However, I do not agree that it is the darkest entry in the franchise, sure a lot of bad stuff happens and it is significantly darker for a Star Wars film but it is nowhere near the nihilism that was displayed in 2005’s Star Wars Episode III: Revenge of the Sith. Back then, your standard Star Wars protagonist could be a paranoid, selfish man who ends up murdering children, strangling his pregnant wife (who later dies in childbirth), and engaging his friend/mentor in a duel to the death that ends up with said protagonist having all his limbs chopped off before burning in a river of lava, and no one would bat an eyelid. Of course, you can’t do that now, its 2016.
With that said, blaster bolts still fly and the body count is racked up, as the characters you are invested in are forced into a desperate fight to the survive against wave after wave of Imperial troops. Much credit has to go to the writers Chris Weitz and Tony Gilroy, as well as director Gareth Edwards, for framing the Rebel cause as a courageous but ultimately hopeless one, with no reward other than a thermal detonator blast to the face.
Gareth Edwards is an inspired choice as director, having had previous experience playing around with the concept of scale in Monsters and Godzilla, we are now seeing the peaking of a young director. The Death Star looks monstrously grotesque in Rogue One, as Star Destroyers are dwarfed by the superweapon’s sheer mass. Edwards even manages to make establishing shots look cool. The opening shot of an Imperial transport vessel floating above the rings of a planet is gorgeous and novel in its approach to establishing locales.
The aesthetics of the film is perhaps its strongest point. Use of handheld cinematography accentuates the overall mise-en-scene, making us feel like we are right there with the rest of the Rogue One team. But it is the production design that gets to shine, the gritty ‘boots on the ground’ aesthetic is on full display here. Massive fallen statues of Jedi knights pepper the surface of the Jedi world of Jedha, Stormtroopers are no longer squeaky clean, their armor caked in grease and grit of countless skirmishes. These are details that are usually unnecessary but this meticulousness is what gives the film its deep immersion, a stand out sequence would be Jyn Erso’s escape from an Imperial prison transport on a miserable looking planet, this is the first time the Stormtroopers look bored and fed up with their jobs. And they got every reason to, even their dented and dirtied helmets tell their story before a single line of dialogue is uttered.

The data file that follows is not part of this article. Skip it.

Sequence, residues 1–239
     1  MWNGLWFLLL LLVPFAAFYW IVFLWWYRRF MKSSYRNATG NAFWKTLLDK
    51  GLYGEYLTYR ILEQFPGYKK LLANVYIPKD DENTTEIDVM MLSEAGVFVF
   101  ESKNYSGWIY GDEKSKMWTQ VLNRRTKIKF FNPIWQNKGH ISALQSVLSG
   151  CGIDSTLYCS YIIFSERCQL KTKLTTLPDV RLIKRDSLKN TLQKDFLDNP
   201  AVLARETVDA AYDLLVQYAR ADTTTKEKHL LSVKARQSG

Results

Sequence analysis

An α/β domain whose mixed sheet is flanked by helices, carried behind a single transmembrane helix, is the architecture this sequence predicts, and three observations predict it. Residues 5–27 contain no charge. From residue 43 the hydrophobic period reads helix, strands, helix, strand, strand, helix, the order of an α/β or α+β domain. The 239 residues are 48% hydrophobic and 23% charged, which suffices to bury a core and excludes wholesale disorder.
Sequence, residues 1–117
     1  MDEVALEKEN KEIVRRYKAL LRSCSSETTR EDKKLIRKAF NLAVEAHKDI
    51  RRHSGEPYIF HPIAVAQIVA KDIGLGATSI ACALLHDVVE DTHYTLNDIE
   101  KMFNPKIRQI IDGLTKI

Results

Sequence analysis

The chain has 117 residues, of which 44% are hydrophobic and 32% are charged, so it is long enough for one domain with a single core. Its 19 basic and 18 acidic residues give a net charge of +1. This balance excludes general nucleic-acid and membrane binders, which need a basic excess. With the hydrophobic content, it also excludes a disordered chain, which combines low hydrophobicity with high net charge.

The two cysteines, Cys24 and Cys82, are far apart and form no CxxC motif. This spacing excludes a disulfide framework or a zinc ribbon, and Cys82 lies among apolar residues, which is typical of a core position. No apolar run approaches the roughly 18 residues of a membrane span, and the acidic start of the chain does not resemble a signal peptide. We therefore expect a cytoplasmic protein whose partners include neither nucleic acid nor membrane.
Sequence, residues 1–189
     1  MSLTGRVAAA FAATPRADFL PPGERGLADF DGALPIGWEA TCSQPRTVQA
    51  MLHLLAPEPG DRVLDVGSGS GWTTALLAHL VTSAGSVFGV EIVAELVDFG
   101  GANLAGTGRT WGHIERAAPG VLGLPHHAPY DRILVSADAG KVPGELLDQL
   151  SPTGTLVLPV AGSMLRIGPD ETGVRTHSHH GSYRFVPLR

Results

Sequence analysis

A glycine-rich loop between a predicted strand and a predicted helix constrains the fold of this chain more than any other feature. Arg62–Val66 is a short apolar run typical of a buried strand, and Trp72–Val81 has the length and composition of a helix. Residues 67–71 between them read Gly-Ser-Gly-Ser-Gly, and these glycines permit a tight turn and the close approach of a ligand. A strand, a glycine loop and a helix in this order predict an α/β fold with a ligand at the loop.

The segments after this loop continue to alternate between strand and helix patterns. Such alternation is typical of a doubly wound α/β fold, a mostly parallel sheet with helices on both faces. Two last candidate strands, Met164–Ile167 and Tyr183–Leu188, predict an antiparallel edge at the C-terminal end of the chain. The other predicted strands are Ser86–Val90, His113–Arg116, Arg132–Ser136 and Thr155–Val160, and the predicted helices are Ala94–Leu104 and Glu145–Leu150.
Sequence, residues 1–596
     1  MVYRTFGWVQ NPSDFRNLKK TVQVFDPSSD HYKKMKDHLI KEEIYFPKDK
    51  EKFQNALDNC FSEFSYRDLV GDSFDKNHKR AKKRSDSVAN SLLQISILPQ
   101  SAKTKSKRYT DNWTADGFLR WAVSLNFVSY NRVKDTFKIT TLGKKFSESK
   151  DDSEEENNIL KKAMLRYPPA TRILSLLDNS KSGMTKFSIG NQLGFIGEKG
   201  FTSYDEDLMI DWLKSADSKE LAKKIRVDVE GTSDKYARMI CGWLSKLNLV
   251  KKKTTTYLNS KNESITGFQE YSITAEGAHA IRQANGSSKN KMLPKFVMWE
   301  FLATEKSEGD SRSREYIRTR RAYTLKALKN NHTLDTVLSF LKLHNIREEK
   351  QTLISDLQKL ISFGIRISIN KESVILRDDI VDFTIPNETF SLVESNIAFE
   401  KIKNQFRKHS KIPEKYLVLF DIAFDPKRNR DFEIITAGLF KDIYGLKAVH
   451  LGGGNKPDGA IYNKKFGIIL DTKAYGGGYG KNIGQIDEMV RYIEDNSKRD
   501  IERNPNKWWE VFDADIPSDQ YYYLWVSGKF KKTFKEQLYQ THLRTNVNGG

The one aspect of the film that leaves us wanting however, is the generic score. Now, Star Wars is one of the most aurally defined fictional universes, but the score plays it too safe, relying on old motifs and the previous work of John Williams’ to define itself. Which clashes with the entire creative motivation of the film, with jaw dropping , previously unseen visuals of the Star Wars universe, including a scene where a Star Destroyer is literally chopped in half, it is disappointing that Michael Giacchino is unable to conjure up any orchestral magic to match the originality that permeates the rest of the film.
As a film reviewer, I would rather judge a film on its own merits but with Rogue One, its success lies with how it affects the film it chronologically precedes, Star Wars Episode 4: A New Hope. To judge this movie as a standalone does not appreciate what it has done, which is singlehandedly upping the ante and the importance of various plot points in the other films in the franchise. Bear in mind, this was supposed to be a ‘side story’ with no bearing on the events of the main saga. Yet Rogue One, with its compelling characters, intricate cinematography, production design and an absolute cracker of a third act, proves that being a side story does not mean you can’t be the main event.
**** and a half/5
One of the best films of the year and definitely the best blockbuster of 2016. With a great cast of characters, spellbinding production design and a killer final act, Rogue One: A Star Wars Story adds much needed originality and value into the events of Star Wars mythos, and in doing so surpasses most of the films it was supposed to play second fiddle to.
If you like this, you should watch:
Star Wars Episode 4: A New Hope- This should be first on your list after watching Rogue One, the blend is seamless and astonishing to behold, I cannot believe how both films work in storytelling so well.
Flashpoint- The plot may be thin but this film features Donnie Yen’s best choreographed fight scenes, and a viciously executed German suplex that has been emulated in Hollywood productions like Deadpool.
Monsters- Gareth Edwards low budget feature film debut. It is the epitome of sci fi indie filmmaking.
The Hidden Fortress- Akira Kurosawa is a tremendous influence on New Hollywood era filmmakers. And The Hidden Fortress is Star Wars’ greatest reference in terms of storytelling.